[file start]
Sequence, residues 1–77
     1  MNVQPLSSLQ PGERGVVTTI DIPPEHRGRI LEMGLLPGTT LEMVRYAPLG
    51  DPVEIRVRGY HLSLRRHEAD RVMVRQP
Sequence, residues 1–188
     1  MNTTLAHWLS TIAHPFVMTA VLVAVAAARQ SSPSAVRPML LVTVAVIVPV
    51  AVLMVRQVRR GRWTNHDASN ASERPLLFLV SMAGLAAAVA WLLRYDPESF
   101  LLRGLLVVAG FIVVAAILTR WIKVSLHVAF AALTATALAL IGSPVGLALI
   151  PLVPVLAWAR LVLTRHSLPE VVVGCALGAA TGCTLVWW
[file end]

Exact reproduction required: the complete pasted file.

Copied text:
Sequence, residues 1–77
     1  MNVQPLSSLQ PGERGVVTTI DIPPEHRGRI LEMGLLPGTT LEMVRYAPLG
    51  DPVEIRVRGY HLSLRRHEAD RVMVRQP
Sequence, residues 1–188
     1  MNTTLAHWLS TIAHPFVMTA VLVAVAAARQ SSPSAVRPML LVTVAVIVPV
    51  AVLMVRQVRR GRWTNHDASN ASERPLLFLV SMAGLAAAVA WLLRYDPESF
   101  LLRGLLVVAG FIVVAAILTR WIKVSLHVAF AALTATALAL IGSPVGLALI
   151  PLVPVLAWAR LVLTRHSLPE VVVGCALGAA TGCTLVWW